2.9 Tissue morphometry

For morphometric analyses, left ventricular tissue sections (3 µm) were examined. Cardiomyocyte short-axis diameter, degree of cardiac fibrosis, apoptotic indices, and the ratio of CD31pos cells to cardiomyocytes were evaluated. The procedures used for morphometric analyses were provided in detail elsewhere.16

2.10 Real-time polymerase chain reaction

Real-time quantitative reverse transcriptase–polymerase chain reaction (RT–PCR) was performed with the TaqMan system (AB Step One Plus, Applied Biosystems, Germany). The TaqMan probes and primers for mouse genes hypoxia-inducible factor-1α (Hif1α) (Mm00468869_m1) and 18S ribosomal RNA were assay-on-demand gene expression products purchased from Applied Biosystems. For quantification, mRNA expression of Hif1α was normalized to the expression of the housekeeping gene 18S ribosomal RNA.

2.11 Western blotting

Protein isolation and western blotting were performed as described in detail in Supplementary material online.

2.12 Statistical analysis

Results are presented as mean ± standard error of the mean. Unpaired t-test, Mann–Whitney test, or two-way ANOVA with a Bonferroni post hoc test was used where applicable. Values of P < 0.05 were considered significant.

3. Results

3.1 ACE inhibition prevents myocardial hypertrophy independent of blood pressure lowering

TAC [360 µm, 35 days, n = 29; sham group (SHAM) n = 26] increased left ventricular systolic pressure to 118 ± 6 mmHg in TAC vs. 78 ± 5 mmHg in sham-operated mice (P < 0.0001). This effect was not changed by treatment with ramipril 5 mg/kg p.o. (R-SHAM 71 ± 6 mmHg, n = 11; R-TAC 112 ± 6 mmHg, n = 25) (Figure 1A). Systolic blood pressure of the tail artery decreased significantly in mice after aortic ligation to 97 ± 2 mmHg compared with 113 ± 4 mmHg in sham-operated mice (P < 0.001). Ramipril in a dose of 5 mg per kg body weight did not significantly influence this parameter in both groups (R-SHAM 106 ± 4 mmHg; R-TAC 92 ± 2 mmHg) (Figure 1B).

Figure 1

Effect of ramipril on left ventricular and peripheral blood pressure and on cardiac and cardiomyocyte hypertrophy. Effect of ramipril, 5 mg/kg/day p.o. and transaortic constriction (TAC, 360 µm, 35 days) on left ventricular (LV) systolic pressure (A), on tail artery systolic pressure (B), on the ratio of heart weight to tibia length (C), and on cardiomyocyte short-axis diameter (D). n.s., not significant, *P < 0.05, #P < 0.01, §P < 0.001, **P < 0.0001, ***P < 0.000001.

TAC increased the ratio of heart weight to tibia length (mg/mm) from 8.4 ± 0.3 in sham-operated mice to 13 ± 0.9 after TAC (P < 0.001). Ramipril did not influence this ratio in the sham group (R-SHAM, 9.4 ± 0.5, n.s. vs. SHAM) but decreased it in the mice receiving TAC (R-TAC, 11 ± 0.6, P < 0.05 vs. TAC) (Figure 1C).

TAC for 35 days led to an increase in cardiomyocyte short-axis diameter (TAC 15.5 ± 0.4 µm) compared with sham-operated animals (SHAM 10.5 ± 0.4 µm, n = 8 per group, P < 0.000001 vs. TAC). Ramipril attenuated this effect (R-SHAM 10.6 ± 0.2 µm, n.s. vs. SHAM; R-TAC 12 ± 0.3 µm, P < 0.000001, R-TAC vs. TAC) (Figure 1D; see Supplementary material online, Figure S7).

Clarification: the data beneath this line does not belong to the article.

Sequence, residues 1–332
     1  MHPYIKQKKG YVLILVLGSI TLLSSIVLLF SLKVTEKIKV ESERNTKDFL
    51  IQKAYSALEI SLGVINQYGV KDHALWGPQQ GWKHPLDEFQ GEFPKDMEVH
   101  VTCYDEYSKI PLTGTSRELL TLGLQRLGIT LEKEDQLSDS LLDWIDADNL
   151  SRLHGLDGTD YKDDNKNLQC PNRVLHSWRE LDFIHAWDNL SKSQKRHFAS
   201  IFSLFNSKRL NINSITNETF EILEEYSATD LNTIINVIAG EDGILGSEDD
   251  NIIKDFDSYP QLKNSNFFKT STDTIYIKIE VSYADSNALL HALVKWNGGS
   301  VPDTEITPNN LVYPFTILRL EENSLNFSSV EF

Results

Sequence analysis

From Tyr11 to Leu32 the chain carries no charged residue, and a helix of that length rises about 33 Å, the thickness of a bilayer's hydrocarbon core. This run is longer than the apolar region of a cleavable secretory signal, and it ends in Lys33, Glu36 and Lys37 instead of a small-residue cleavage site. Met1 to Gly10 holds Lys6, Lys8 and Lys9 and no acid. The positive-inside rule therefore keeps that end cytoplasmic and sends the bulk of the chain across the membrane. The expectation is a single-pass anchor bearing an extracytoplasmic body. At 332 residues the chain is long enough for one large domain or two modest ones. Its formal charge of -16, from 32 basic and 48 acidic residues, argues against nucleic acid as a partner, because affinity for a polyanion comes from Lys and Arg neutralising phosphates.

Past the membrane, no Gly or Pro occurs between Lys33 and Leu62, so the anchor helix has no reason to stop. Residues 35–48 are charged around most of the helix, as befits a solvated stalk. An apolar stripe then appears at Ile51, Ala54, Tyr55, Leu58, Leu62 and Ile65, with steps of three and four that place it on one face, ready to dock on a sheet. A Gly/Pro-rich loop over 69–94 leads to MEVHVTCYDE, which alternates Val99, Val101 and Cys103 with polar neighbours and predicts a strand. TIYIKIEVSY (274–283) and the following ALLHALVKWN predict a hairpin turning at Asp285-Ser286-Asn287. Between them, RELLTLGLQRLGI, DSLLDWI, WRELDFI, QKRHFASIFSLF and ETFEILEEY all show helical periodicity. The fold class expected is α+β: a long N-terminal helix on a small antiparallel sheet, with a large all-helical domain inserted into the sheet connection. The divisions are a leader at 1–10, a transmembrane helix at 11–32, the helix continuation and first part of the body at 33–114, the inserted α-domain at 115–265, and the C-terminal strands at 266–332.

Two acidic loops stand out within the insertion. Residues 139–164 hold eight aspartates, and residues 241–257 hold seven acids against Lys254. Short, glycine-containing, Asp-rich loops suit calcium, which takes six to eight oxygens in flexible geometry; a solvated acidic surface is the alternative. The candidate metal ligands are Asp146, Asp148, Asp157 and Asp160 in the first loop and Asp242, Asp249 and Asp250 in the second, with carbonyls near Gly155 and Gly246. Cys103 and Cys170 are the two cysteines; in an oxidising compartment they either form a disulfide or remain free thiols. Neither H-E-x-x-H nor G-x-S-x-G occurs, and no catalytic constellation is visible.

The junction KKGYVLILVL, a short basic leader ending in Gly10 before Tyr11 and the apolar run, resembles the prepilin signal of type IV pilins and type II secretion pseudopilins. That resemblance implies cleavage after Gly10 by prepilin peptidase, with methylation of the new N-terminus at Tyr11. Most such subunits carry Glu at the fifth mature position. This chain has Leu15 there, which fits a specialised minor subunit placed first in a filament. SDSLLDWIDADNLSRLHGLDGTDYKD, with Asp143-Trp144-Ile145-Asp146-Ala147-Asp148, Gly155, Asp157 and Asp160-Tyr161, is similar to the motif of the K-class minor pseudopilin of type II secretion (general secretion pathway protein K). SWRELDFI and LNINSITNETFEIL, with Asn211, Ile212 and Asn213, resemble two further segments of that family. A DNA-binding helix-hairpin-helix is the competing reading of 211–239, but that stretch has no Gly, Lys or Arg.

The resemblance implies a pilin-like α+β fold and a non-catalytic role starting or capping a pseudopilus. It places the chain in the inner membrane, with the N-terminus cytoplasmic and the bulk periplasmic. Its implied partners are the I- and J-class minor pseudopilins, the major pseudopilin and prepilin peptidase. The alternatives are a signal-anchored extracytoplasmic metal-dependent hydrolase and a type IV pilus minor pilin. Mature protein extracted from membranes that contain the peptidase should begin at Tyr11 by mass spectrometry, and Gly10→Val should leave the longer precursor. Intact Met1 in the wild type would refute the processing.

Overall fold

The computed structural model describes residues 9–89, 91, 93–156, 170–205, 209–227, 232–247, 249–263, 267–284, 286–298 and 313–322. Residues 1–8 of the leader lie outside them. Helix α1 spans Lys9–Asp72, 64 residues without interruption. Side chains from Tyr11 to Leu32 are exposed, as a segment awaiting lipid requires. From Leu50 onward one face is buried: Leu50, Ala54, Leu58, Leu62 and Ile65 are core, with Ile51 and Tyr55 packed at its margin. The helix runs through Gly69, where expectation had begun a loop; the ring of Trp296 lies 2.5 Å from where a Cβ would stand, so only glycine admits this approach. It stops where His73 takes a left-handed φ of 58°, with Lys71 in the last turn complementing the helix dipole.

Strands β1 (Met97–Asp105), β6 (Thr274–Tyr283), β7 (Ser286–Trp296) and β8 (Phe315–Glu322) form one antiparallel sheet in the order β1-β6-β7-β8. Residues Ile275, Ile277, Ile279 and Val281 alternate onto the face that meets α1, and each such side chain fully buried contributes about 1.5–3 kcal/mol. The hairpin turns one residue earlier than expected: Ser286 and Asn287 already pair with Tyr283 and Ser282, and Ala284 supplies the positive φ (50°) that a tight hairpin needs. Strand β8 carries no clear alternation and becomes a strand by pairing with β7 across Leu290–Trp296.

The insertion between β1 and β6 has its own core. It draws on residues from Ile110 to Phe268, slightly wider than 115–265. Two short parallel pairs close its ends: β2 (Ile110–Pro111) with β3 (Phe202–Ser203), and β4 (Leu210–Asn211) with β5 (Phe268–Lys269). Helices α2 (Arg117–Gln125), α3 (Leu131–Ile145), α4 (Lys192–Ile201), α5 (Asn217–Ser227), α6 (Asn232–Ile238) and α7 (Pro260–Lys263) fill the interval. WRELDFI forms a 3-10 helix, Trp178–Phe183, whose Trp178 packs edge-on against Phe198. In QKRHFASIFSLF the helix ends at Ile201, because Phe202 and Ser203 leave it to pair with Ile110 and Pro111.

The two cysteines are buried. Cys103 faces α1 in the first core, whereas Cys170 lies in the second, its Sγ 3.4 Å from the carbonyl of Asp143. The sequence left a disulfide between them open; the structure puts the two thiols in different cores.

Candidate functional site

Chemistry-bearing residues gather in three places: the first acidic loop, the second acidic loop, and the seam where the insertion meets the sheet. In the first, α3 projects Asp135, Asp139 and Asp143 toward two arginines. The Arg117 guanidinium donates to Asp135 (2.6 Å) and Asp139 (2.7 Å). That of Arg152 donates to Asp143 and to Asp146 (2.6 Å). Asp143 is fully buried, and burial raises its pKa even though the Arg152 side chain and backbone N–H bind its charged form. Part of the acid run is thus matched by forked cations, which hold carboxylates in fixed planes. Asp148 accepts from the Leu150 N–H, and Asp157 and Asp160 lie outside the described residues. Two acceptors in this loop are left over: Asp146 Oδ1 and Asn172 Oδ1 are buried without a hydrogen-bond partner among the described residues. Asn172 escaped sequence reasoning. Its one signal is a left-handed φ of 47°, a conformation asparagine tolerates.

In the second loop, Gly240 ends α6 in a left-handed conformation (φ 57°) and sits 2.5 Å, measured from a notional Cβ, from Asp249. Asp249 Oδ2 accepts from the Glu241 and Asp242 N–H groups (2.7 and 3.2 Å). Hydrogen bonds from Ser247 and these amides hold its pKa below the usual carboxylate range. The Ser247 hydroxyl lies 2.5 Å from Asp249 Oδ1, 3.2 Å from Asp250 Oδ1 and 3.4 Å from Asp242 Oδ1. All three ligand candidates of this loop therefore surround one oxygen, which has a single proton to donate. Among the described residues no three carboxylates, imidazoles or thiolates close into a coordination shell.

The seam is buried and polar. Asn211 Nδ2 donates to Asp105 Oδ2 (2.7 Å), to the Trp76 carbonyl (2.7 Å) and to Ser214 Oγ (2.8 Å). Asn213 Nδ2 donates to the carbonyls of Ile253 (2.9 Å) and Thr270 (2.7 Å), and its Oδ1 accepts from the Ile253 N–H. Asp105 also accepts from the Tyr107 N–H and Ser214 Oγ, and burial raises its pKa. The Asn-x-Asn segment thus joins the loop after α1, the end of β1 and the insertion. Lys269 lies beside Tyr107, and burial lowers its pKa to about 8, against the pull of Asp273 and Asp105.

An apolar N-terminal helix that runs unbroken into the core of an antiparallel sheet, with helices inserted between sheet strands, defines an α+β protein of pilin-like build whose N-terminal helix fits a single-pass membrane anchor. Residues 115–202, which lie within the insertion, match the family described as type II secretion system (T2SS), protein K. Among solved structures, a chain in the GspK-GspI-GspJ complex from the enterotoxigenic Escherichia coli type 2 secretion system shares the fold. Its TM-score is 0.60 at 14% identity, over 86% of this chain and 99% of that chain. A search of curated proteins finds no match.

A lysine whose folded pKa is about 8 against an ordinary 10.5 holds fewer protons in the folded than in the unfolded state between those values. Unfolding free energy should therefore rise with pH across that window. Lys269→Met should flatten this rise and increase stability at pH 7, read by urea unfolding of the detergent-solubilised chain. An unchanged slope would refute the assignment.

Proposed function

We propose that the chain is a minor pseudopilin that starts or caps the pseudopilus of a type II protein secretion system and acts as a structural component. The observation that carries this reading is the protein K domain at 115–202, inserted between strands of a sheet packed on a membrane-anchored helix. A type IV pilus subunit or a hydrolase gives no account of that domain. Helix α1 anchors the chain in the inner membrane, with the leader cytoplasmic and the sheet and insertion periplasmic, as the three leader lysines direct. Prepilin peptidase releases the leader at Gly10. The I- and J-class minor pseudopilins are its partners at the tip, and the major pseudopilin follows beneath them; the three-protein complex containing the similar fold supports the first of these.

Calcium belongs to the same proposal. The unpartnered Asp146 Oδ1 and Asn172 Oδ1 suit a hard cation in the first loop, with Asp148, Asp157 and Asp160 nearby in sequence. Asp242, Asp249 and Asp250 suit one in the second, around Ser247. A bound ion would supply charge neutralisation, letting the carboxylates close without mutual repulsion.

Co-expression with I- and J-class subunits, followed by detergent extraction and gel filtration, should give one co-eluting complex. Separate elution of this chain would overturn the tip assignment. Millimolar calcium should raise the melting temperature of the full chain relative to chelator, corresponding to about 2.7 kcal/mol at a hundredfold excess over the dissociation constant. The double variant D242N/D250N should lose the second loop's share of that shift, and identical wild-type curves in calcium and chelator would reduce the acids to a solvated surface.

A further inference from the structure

TAC markedly increased cardiac fibrosis quantitated morphometrically as fractional area of collagen content in percentage of myocardial content using picrosirius red staining (SHAM 0.38 ± 0.12%, TAC 2.34 ± 0.86%; n = 6–12 per group, P < 0.05). This effect of TAC was abolished by ACE inhibition (R-SHAM 0.57 ± 0.1%, n.s. vs. SHAM; R-TAC 0.54 ± 0.35%, P < 0.05 vs. TAC) (Figure 2A; see Supplementary material online, Figure S8AD).

Figure 2

Effect of ramipril on cardiac fibrosis and apoptosis rates. (A) Effect of ramipril on cardiac fibrosis evaluated by collagen content (expressed as percentage of myocardial content). (BD) Influence of ramipril on cell-specific apoptosis rates of cardiomyocytes (B), non-cardiomyocytes (C), and endothelial cells (D). n.s., not significant, *P < 0.05, #P < 0.01, §P < 0.001.

In the animals examined on day 1 after TAC or sham surgery, the four groups (SHAM, TAC, R-SHAM, R-TAC) did not differ in heart weight to tibia length, cardiomyocyte diameter, or collagen content.

3.2 ACE inhibition prevents apoptosis in cardiomyocytes and endothelial cells but not in non-cardiomyocytes

TAC led to significantly enhanced apoptosis of cardiomyocytes (0.7 ± 0.2%) and of non-cardiomyocytes (1.0 ± 0.3%) in the heart compared with sham-operated mice (0.02 ± 0.01% and 0.12 ± 0.04%, respectively; n = 6–9 per group; P < 0.05 for both TAC vs. SHAM). The extent of cardiomyocyte apoptosis was potently decreased in TAC mice receiving ramipril (R-SHAM 0.04 ± 0.04%, n.s. vs. SHAM, R-TAC 0.09 ± 0.04%, P < 0.05 vs. TAC). In contrast, the percentage of apoptotic non-cardiomyocytes was not significantly influenced by ramipril (R-SHAM 0.05 ± 0.04%, R-TAC 1.1 ± 0.3%) (Figure 2B and C; see Supplementary material online, Figure S9A and B).